TORONTO - Canada's credit card industry could see its losses start to subside in the coming months and growth return next year if the economy improves as expected, the CEO of Canadian Imperial Bank of Commerce (TSX:CM) said Tuesday.
"If Canadian unemployment peaks shortly, and starts to decline - and at the same time the economy performs reasonably - the probability these portfolios will continue to grow and (we) will see a dropoff in loss rates is significant," CIBC chief executive Gerry McCaughey told a webcast investor conference in Montreal.
"The impact on the industry from a viewpoint of increased profitability due to lower loan losses would be significant."
At first glimpse, the comments from McCaughey make an obvious statement - if people are making money, they're likely to pay the outstanding bills on their charge cards. It's also a rare vote of confidence for the country's stressed credit card industry by a major banking executive.
CIBC is considered the largest credit card player in the country, which means it has the most exposure to loan losses in the area. As the economy faltered, more consumers and companies started to miss payments due on their credit cards, which wore away at the bank's credit division.
The bank responded by pulling back on many parts of its business that it considered high-risk, including credit cards, to avoid further pitfalls.
In its fiscal third quarter, CIBC dedicated $207 million to loan losses on its credit cards, a major reason that the bank's overall provisions for credit losses soared to $547 million from $203 million in the same period last year.
"If CIBC is telling us that they're feeling better about it, that means a lot to me," Mario Mendonca, a banking analyst at Genuity Capital Markets, said Tuesday.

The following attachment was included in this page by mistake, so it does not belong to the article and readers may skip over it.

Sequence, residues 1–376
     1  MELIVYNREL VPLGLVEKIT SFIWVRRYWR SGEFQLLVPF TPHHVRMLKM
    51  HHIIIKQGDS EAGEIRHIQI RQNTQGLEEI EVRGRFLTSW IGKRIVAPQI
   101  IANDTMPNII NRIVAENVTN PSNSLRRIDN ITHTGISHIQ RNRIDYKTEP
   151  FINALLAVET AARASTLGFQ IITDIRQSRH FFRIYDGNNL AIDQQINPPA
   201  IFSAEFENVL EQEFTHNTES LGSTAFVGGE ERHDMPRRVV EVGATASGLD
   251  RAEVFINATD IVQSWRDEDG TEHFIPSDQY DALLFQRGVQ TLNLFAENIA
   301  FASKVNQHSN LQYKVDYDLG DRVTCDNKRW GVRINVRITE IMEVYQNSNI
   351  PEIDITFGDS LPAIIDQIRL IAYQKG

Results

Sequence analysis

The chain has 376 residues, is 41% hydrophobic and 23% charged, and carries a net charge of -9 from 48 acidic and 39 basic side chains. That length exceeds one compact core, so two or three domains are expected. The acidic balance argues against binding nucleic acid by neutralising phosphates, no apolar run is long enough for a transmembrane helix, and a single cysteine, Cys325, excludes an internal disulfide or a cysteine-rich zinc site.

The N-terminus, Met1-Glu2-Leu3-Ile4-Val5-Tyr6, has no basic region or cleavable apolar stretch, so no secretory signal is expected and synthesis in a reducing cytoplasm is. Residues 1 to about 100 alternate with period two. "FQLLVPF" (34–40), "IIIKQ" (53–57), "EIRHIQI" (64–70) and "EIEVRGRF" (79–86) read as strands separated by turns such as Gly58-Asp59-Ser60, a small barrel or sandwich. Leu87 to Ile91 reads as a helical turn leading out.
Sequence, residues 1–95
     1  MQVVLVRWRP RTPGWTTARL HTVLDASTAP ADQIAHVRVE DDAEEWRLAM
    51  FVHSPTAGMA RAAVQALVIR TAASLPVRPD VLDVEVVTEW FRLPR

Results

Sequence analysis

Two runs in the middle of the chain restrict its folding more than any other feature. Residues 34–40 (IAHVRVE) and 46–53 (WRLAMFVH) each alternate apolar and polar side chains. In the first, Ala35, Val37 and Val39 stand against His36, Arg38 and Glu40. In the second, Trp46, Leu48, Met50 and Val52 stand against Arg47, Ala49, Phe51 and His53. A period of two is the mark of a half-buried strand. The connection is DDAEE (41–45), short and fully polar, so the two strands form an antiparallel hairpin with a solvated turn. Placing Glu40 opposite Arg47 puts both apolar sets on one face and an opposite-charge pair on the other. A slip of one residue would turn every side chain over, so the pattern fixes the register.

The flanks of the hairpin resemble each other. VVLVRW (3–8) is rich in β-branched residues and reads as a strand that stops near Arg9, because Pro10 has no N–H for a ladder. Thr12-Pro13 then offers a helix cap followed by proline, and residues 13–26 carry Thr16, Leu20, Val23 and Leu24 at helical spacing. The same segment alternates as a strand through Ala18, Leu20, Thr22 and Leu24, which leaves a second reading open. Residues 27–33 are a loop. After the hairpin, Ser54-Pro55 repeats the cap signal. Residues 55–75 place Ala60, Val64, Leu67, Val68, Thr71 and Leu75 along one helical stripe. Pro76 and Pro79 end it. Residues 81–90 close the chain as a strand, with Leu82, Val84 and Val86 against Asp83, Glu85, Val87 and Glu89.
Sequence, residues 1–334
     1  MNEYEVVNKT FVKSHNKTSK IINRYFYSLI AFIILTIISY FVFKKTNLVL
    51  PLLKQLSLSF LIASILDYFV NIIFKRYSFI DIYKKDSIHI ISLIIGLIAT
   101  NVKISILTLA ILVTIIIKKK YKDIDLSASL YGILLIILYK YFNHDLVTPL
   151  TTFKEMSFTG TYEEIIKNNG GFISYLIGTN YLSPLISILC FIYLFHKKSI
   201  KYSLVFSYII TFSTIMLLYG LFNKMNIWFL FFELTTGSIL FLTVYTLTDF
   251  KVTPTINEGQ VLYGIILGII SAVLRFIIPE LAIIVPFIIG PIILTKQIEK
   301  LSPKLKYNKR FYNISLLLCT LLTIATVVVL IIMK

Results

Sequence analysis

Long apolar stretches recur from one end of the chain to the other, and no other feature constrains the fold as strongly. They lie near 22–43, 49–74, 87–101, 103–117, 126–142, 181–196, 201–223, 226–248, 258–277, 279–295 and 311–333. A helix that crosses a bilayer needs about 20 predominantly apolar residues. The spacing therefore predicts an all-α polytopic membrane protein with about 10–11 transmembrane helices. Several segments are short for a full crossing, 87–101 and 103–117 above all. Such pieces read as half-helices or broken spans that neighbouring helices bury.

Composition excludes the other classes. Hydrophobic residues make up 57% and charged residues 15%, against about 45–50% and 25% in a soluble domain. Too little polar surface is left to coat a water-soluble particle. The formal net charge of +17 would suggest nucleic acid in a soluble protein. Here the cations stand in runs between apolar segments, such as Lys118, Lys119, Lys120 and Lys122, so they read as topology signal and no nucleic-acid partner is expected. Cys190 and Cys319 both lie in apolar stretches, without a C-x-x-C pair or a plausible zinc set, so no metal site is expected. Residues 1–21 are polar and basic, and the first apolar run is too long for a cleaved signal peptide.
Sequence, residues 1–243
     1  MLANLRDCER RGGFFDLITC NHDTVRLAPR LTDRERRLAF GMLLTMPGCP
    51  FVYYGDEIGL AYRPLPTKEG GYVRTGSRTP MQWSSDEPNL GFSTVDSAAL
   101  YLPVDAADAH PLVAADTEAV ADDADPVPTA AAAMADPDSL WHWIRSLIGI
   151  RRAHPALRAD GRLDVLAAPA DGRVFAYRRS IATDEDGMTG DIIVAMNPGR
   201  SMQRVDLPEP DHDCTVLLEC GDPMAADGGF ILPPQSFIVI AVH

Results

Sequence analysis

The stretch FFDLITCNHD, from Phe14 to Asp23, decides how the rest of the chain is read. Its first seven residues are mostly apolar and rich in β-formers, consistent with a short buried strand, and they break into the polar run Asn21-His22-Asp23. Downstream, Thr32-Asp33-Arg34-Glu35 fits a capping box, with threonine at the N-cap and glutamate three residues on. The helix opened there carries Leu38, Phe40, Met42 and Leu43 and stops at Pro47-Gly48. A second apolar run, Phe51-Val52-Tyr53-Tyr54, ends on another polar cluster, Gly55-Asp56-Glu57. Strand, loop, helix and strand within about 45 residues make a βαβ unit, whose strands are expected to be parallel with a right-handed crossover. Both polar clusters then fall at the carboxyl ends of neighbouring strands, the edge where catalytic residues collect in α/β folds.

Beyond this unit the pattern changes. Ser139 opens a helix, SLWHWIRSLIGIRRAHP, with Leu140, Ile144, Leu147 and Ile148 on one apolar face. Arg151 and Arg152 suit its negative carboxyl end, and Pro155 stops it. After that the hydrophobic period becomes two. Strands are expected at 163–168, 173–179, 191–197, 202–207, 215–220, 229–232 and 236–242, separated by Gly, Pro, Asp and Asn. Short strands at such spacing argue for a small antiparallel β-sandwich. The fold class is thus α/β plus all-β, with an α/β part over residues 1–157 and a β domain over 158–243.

"It means that CIBC will probably post a better retail (consumer banking results in the fourth quarter) than maybe most of us were expecting."
Earlier this month, CIBC World Markets economists predicted that the country's economy would slowly recover at a rate of two per cent next year, and 3.8 per cent in 2011, a level similar to growth generated before the recession.
The prediction falls in line with McCaughey's optimistic scenario, though Blackmont Capital banking analyst Brad Smith cautioned that it's too early to confirm that the assumptions of a recovery will prove true.
"It's a very big question, and I don't think there's any debate that our resilience has been fairly well documented," Smith said.
"Provided that the worst is behind us and there are encouraging times ahead, I would agree that credit losses in general are not likely to get a lot worst. On the flip side, if employment conditions do not improve, they will get worse."
McCaughey said that next year businesses will be seeking capital in both lending and securitization as they rebuild strength.
"The Canadian economy is going to require this type of lending facility in increasing amounts... because there has been an exit of foreign lenders," he told the conference.
"I think the Canadian banks will be filling that."
CIBC's overall operations have posted more than $10 billion in writedowns over the past two years.